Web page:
Carmen Angelica Zapata, Santa Monica, CA. I lived in Spain for a year after growing up in the United States and for the first time I was not other. No one yelled “speak English!” no one asked if I was legal, or if I was going to be deported. It was the first time in […]
Leonard McReynolds, Atlanta, GA. I’m a black Puerto Rican who lives in the United States. At Times, it makes navigating race relations difficult, for everyone likes to put me in a box. Either I am not black enough because I speak Spanish, or not Puerto Rican enough because I am black. However, I will not […]
Katherine Ellis, American Fork, UT. I stood alone by the playground, kicking pebbles. Someone approached me and I glanced up eagerly, hoping for a friend. “Are you Chinese?” the girl spat at me. “No,” I mumbled. “I’m half Hmong.” “Monk? What’s that?” She looked at me like I should be bald and humming in an […]
Chuy Benitez, Houston, TX. When you grow up at the collision of two countries, of two cultures, of two identities, you learn very quickly the different nuances between the two cultures and you adapt to appease whichever culture you have to encounter. It makes you more observant, but of course it doesn’t occur without making […]
Stefan Svicevic, Lawton, OK. I recently came to study in the United States and I am from South Africa. Since being here a lot of people have picked up on my accent and asked where am I from and I’d say South Africa and 9 times out of ten the next question would be how […]
Refugio Zavala, Stockton, CA. All throughout my life, people have judged me by the color of my skin. When I was in the United States, people would call me things like “beaner” and “wetback.” These are racial slurs meant to humiliate and make me ashamed of my culture. So what that I liked to eat […]
Rebecca Hassine, Palo Alto, CA. With racism being such a prominent issue throughout the world, especially within the United States currently due to the hostile political atmosphere, I always feel as though I need to defend my race. Defending my race, in other words, is like constantly needing to defend my identity. No one should […]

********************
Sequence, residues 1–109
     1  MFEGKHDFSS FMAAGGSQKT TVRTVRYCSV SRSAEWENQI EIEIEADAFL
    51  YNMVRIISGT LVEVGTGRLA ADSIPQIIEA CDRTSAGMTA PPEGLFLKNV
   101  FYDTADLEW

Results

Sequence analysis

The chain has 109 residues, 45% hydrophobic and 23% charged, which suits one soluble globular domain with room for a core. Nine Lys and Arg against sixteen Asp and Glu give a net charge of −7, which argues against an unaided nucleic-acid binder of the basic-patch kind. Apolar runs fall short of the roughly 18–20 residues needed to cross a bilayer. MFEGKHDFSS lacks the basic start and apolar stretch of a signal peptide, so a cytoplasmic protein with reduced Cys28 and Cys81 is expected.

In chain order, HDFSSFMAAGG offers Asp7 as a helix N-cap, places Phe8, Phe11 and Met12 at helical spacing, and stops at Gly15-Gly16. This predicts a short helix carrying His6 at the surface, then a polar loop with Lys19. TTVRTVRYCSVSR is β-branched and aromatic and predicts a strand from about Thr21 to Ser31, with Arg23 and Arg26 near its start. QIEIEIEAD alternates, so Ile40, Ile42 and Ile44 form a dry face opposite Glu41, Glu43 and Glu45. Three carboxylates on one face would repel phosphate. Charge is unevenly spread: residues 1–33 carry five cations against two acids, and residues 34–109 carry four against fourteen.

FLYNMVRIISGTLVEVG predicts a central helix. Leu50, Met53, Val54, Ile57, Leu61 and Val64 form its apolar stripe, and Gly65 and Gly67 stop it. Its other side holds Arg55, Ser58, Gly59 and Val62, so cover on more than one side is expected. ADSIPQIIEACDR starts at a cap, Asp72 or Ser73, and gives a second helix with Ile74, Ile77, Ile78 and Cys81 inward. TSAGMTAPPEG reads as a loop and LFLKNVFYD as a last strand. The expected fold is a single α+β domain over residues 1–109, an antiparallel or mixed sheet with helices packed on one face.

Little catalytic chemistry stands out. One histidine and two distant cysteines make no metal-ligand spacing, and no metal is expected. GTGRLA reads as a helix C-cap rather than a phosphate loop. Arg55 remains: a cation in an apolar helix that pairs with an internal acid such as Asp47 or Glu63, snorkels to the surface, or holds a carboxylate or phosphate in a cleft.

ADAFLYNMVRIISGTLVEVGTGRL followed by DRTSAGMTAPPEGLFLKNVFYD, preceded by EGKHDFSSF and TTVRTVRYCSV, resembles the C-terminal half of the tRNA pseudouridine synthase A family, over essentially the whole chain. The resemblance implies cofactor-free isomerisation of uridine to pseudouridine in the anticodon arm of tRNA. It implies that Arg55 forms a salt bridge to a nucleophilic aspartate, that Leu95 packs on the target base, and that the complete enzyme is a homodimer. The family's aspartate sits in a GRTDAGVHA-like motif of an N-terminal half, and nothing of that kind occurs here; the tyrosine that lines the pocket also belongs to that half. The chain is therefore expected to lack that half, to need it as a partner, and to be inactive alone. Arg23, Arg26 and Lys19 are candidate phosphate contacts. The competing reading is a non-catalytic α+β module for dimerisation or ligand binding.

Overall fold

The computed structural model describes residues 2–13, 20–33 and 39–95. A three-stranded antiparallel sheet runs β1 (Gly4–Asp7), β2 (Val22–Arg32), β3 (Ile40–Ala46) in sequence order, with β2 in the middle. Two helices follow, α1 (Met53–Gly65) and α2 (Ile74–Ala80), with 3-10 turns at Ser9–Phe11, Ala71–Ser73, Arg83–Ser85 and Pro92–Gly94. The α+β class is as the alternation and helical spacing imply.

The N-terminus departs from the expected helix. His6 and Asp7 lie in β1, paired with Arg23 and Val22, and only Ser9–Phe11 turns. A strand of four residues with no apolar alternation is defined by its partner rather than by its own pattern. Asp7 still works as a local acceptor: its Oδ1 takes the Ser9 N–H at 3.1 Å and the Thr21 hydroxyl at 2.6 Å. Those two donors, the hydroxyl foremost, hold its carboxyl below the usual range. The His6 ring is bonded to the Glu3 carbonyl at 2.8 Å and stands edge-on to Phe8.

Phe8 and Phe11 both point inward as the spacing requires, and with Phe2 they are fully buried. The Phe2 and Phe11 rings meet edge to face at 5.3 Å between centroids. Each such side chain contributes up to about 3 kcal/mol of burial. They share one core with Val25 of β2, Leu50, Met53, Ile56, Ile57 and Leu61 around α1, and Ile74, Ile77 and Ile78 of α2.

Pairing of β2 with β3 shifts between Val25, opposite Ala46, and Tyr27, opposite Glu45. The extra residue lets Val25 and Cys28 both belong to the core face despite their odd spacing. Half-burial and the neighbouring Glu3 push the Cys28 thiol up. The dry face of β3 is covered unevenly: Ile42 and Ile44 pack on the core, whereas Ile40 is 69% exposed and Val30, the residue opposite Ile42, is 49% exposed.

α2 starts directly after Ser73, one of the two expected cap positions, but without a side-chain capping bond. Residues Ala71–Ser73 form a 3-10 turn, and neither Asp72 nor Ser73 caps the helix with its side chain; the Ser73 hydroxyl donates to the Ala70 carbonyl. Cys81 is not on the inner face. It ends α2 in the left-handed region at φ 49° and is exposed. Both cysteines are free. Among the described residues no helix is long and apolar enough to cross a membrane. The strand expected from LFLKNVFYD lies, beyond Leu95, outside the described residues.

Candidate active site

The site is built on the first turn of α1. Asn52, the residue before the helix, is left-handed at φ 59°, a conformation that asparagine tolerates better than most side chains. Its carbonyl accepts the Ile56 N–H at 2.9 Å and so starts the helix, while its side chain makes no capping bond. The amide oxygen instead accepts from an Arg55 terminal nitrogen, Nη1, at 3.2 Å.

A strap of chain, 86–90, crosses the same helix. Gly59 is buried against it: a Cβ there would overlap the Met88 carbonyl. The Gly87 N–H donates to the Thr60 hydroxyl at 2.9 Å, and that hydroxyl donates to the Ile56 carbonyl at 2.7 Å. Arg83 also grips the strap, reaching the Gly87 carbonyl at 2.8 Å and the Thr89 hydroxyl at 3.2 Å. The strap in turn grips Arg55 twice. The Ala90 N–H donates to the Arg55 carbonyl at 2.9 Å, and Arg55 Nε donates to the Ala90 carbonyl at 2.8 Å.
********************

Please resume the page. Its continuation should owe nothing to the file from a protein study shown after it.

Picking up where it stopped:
Damme Getachew, Seattle, WA. My parents are from Ethiopia and so I self-identify as Ethiopian. I’m frequently asked “Where are you from?” as if being a person of color means that I was born somewhere other than the United States. Aren’t we past that?
Silvia. My Salvadorian mother came to the United States and wanted us to assimilate. We spoke English in the house and most of my mom’s friends were Americans. I’m sorry for this….I lost culture.
Shirley Hicks, Birmingham, AL. When I came to the United States four years ago, one of the first things I noticed was the racial divides. At home, it’s language and class. Here, it’s race, class and access to power. Here in the South, it’s been especially important to know and understand that history in order […]
Gabrielle Hainley, Caledonia, MI. I understand that there is discrimination and racism in the United States. But, I also see many people of all races, ages and upbringing that use their race as an excuse to get away with things or as a way to make other people sound like people, when in fact, they […]
Valarie Castillo Albuquerque, NM New Mexico IS in the United States.
Kevin Goodman Ann Arbor, CA In 6 words tried to describe my current place in my journey with race a as young queer ambiguously multiracial man in the United States who is working towards a better future.
Marti Murphy South Pasadena, CA
Tim Jordan Submitted via: NPR’s Talk of the Nation